Captain America: The First Avenger

Year: 2011
Director: Joe Johnston
Starring: Chris Evans, Hugo Weaving, Hayley Atwell, Dominic Cooper, Sebastian Stan, Tommy Lee Jones
Written by Jakob Lewis Barnes

The way Marvel do things dictates that each of the Avengers gets their own ‘origin story’ first, and arguably none are more important than that of the First Avenger, Captain America. The contextual necessity of his story as the original superhero makes this a rather crucial film if you’re planning to watch the whole Avengers franchise and really get to grips with it all. Set during World War II for a large portion of the film, there is a great deal of attention paid to the background of Steve Rogers and his transformation into Captain America, but unfortunately this travel back in time does have inevitable repercussions on the viewing experience.

For perhaps the first 45 minutes to an hour, we see the failed attempts of weak, loser Steve Rogers (Chris Evans) who is determined to enlist in the US Army and fight in the war. Despite his diminutive stature, Rogers’ patriotic nature, bravery and relentless persistence to become a hero, lead him to be selected as the subject of an experimental procedure. We get a look at the famous Howard Stark (Dominic Cooper), Tony Stark’s late father, who hopes to turn Rogers into a super soldier. Upon his physical transformation, Rogers becomes ‘Captain America’, and initially there are lots of pantomime-esque moments as he is turned into somewhat of a propaganda joke, a performing puppet for the Army’s advantage. Set against the backdrop of Nazi Germany,  the sinister Red Skull (Hugo Weaving) is a worthy villain. When Red Skull unleashes the power of the notorious Teseract, Rogers is forced to shake off his longstanding inferiority to become a true hero, the real Captain America. With the bitter loss of his close friend Bucky Barnes, the Captain carries out his revenge but at the cost of martyrdom in his apparent death.

Chris Evans more than redeems himself for a poor showing in the ‘Fantastic 4’ disaster of 2005, a film which did nobody any good. All is forgiven as Evans portrays perfectly the ‘First Avenger’. He looks the part and plays a charming and believable hero brilliantly. Evans does well to maintain a dangerous and powerful aurora whilst providing the wit and likeability which makes the Captain so popular. Hugo Weaving, despite a questionable German accent, is a fearsome villain, bringing a genuinely ruthless, cruel nature to his character. As Steve Rogers’ love interest Peggy Carter, Hayley Atwell is the strong, feminine character in Marvel’s cinematic universe, providing a foreshadow to the character of Black Widow in future films. Atwell enjoys an impressive chemistry opposite Evans, as well as providing her own attitude, enough to earn Atwell her own spin-off series as ‘Agent Carter’.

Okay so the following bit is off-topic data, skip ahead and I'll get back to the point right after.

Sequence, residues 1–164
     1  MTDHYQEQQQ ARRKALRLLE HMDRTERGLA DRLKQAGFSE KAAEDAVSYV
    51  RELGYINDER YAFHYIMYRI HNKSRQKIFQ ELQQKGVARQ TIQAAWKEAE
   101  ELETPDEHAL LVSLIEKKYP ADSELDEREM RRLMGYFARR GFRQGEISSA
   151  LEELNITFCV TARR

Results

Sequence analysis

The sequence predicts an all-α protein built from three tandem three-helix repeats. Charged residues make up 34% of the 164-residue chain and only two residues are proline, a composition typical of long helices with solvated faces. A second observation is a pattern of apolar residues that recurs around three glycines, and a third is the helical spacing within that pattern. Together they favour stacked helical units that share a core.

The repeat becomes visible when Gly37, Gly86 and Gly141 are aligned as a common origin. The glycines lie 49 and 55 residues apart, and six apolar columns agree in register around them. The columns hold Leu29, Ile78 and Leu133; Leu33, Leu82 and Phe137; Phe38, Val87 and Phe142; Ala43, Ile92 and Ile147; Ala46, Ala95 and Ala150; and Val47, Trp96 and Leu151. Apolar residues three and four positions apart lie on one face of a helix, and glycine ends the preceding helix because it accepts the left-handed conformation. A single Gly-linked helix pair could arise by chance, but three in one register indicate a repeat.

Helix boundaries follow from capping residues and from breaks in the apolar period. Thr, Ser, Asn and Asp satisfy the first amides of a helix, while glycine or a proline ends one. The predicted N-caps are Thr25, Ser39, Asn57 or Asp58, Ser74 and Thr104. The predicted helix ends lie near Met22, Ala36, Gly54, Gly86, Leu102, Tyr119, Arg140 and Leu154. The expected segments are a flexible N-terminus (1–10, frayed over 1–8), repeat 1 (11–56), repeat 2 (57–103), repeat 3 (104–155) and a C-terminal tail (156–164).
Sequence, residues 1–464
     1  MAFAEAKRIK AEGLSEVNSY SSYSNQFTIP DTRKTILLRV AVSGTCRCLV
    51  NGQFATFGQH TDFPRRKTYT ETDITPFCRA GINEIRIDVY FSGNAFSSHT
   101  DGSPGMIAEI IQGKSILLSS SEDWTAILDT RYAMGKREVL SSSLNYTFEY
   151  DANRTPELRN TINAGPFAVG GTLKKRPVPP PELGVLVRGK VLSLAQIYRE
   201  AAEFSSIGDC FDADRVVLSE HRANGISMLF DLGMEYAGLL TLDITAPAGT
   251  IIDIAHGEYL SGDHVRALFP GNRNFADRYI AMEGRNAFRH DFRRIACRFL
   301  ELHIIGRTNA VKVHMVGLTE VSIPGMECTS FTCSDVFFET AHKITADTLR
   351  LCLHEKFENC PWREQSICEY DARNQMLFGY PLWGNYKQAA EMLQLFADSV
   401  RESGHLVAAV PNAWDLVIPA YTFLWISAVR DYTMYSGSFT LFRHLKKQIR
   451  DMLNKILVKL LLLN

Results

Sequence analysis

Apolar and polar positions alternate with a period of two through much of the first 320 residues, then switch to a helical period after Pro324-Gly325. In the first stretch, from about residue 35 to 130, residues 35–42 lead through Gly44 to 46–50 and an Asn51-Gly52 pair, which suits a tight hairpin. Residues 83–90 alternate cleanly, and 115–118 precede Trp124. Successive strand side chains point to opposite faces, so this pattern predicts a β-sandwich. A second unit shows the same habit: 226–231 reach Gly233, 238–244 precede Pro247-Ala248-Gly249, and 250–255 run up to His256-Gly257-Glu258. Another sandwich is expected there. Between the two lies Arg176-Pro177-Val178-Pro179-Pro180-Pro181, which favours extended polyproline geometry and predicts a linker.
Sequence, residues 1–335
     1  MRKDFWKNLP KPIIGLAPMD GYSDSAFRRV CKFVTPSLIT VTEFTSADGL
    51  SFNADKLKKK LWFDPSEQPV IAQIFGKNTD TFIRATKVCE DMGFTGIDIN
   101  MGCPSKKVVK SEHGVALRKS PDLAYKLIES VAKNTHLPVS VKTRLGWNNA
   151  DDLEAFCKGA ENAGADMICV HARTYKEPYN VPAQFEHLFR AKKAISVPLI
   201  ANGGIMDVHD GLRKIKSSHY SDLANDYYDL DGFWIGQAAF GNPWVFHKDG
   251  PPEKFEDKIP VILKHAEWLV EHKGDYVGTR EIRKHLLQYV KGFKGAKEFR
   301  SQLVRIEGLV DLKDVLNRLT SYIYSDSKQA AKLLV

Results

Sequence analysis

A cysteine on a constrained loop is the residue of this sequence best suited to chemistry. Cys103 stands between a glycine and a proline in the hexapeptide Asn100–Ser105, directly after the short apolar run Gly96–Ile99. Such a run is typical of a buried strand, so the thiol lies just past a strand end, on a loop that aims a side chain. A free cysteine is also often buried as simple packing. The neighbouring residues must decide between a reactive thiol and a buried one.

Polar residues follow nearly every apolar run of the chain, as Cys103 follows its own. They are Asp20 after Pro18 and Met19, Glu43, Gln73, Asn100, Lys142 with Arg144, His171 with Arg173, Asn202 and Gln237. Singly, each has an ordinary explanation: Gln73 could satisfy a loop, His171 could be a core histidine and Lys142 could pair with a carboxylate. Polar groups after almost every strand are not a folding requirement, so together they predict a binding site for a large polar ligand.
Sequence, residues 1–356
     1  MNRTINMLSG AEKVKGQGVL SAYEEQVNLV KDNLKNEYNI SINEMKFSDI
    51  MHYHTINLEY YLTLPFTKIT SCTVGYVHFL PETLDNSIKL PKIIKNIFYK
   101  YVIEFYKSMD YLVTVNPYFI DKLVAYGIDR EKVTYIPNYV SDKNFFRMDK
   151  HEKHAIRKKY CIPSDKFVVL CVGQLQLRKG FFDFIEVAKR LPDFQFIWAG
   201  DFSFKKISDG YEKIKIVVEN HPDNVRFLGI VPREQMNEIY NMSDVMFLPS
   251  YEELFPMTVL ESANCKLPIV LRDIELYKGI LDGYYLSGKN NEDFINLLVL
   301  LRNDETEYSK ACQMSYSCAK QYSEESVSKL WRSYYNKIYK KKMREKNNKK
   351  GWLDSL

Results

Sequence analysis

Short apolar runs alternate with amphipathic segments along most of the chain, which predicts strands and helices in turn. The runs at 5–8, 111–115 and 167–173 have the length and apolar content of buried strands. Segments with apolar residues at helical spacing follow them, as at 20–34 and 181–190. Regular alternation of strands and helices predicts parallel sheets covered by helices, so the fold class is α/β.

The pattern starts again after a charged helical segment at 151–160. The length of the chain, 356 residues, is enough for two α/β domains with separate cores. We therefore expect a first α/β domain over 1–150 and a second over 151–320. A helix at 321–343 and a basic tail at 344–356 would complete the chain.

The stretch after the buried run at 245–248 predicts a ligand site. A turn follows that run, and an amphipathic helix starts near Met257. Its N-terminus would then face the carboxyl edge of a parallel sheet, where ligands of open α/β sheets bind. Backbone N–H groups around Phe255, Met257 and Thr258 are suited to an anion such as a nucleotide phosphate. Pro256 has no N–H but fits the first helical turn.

The special effects used are somewhat flawed in places, particularly with the depiction of Red Skull’s haunting facial features. Indeed, it is difficult at times to see the sci-fi, magical elements against the setting of World War II. Marvel seem to be keen on distorting historical events to incorporate their own heroes, but in this instance, rather than creating an alternative history, as a viewer I was simply very conscious that I was witnessing a slightly absurd superhero movie. The slow motion fight scenes were impressive nonetheless, and despite the odd issue with SFX, the general composition of the film is fantastically typical of Marvel, in a good way.

‘Captain America: The First Avenger’ is arguably less impressive than the ‘Iron Man’ films which precede it, most likely having something to do with the era they are set in. The film does frame the formation of the Avengers effectively, giving us the leader of the team, the original superhero. There are of course, the standard moments of Marvel humour throughout, and at times Captain America is guilty of being the more placid of the Avengers series. Take Red Skull out of the equation, and what we have here is nothing more than a very light-hearted, cheesy, simple film.

Jakob’s rating: 7.2 out of 10
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